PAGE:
The Community Voice is proud to have been selected to participate in the Facebook Sustainability Accelerator. Part of the #FacebookJournalismProject’s recent investment on diversity and entrepreneurship, the Sustainability Accelerator will offer intensive training in essentials to building a sustainable media business and mentorship to 20 U.S. news organizations who are owned or led by people of color.
The group was selected by Facebook staff, International Center for Journalists staff and Accelerator coaches from more than 300 applications from around the United States based on their demonstrated impact on their community, their commitment to the program’s requirements and their readiness to pursue their biggest business opportunities.
“We are honored to partner with this impressive group of publishers, whose newsrooms make a difference in their communities and serve as models for our industry,” said Joyce Barnathan, the president of ICFJ, an organization with global experience helping news media become stronger financially. “Without question, the work they do is critical, and an investment in their long term success is an investment in stronger communities.”
Half of the group is composed of Black-owned, Black-led publishers, including some of the nation’s oldest Black newspapers as well as digitally native organizations. The Community Voice was the only paper selected for the program from Kansas or the Kansas City area.
“We are so pleased to have been selected to participate in this program with some of the most respected Black newspapers in the country, including The St. Louis American, The Atlanta Voice, The Charlotte Post, The Miami Times, and the Tennessee Tribune,” said Bonita Gooch, editor-in-chief of The Community Voice.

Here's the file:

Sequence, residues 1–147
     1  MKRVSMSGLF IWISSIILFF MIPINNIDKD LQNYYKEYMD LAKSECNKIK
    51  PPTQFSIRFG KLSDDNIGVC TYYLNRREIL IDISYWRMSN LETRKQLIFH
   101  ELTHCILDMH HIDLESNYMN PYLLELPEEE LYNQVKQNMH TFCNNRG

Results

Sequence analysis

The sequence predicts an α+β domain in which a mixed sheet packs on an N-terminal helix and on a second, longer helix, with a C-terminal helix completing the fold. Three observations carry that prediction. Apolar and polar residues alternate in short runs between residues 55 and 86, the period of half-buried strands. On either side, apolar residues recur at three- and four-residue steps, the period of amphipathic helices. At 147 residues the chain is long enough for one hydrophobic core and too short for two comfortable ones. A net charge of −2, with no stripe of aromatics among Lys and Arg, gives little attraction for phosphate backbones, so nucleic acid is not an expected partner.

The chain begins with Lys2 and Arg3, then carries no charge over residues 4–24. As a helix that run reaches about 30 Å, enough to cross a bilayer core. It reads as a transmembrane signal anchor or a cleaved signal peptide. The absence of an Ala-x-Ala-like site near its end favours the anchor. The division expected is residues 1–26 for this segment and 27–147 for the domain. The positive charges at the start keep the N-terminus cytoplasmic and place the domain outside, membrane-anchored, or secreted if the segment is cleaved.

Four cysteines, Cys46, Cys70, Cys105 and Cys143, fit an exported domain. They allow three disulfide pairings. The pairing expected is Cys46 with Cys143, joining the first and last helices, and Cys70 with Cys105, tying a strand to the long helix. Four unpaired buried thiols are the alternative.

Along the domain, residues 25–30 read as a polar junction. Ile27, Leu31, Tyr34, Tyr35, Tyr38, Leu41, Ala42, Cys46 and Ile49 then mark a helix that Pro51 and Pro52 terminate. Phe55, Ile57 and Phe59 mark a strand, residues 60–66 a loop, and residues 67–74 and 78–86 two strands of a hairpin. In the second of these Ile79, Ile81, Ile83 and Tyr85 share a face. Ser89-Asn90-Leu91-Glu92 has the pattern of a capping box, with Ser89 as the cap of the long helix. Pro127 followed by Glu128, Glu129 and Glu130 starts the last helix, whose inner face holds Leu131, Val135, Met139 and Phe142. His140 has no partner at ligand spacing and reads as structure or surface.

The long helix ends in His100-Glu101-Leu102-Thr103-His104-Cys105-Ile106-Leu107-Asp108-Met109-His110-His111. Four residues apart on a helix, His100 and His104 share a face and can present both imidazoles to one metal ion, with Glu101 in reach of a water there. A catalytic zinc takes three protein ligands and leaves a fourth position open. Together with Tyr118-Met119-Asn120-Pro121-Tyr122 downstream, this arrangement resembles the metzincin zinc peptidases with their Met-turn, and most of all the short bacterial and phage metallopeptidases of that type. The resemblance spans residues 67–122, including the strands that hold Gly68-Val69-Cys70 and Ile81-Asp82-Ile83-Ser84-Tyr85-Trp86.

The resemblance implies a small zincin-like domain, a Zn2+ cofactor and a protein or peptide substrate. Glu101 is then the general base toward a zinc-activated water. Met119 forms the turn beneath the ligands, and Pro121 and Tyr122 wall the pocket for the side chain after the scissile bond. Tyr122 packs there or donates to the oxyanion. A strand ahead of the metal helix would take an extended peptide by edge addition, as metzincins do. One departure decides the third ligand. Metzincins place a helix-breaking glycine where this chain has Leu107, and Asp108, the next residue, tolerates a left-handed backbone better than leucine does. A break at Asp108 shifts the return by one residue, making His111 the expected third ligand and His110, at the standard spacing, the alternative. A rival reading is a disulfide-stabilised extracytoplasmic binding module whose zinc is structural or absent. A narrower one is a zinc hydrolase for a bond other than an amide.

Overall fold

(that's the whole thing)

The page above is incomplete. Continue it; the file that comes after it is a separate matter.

“I am excited about the amazing media organizations that will be joining this inaugural Sustainability Accelerator,” said Sara Lomax-Reese, President of WURD Radio in Philadelphia and program lead for this Accelerator program. “We are in a moment when Black- and Brown-owned and led media is absolutely essential to the future of this nation. This is an opportunity to provide skills and resources to help these organizations continue to grow, innovate and lead.”
Two thirds of the participants are from the U.S. Midwest and South, areas that have historically received less investment than their colleagues on the coasts.
“The sustainability of the participant organizations, and the sustainability of all media serving marginalized people, is paramount. The legacy of Black-led media in the South is unmatched, with Black news organizations having played a pivotal role in Southern-born freedom movements from abolition to civil rights,” said Cierra Hinton, executive director at Scalawag Magazine and a coach in the program. “The Facebook Journalism Project’s support of South-based participants enables the continuation of that legacy at a pivotal moment, as Black people in this country boldly lead the fight for justice yet again.”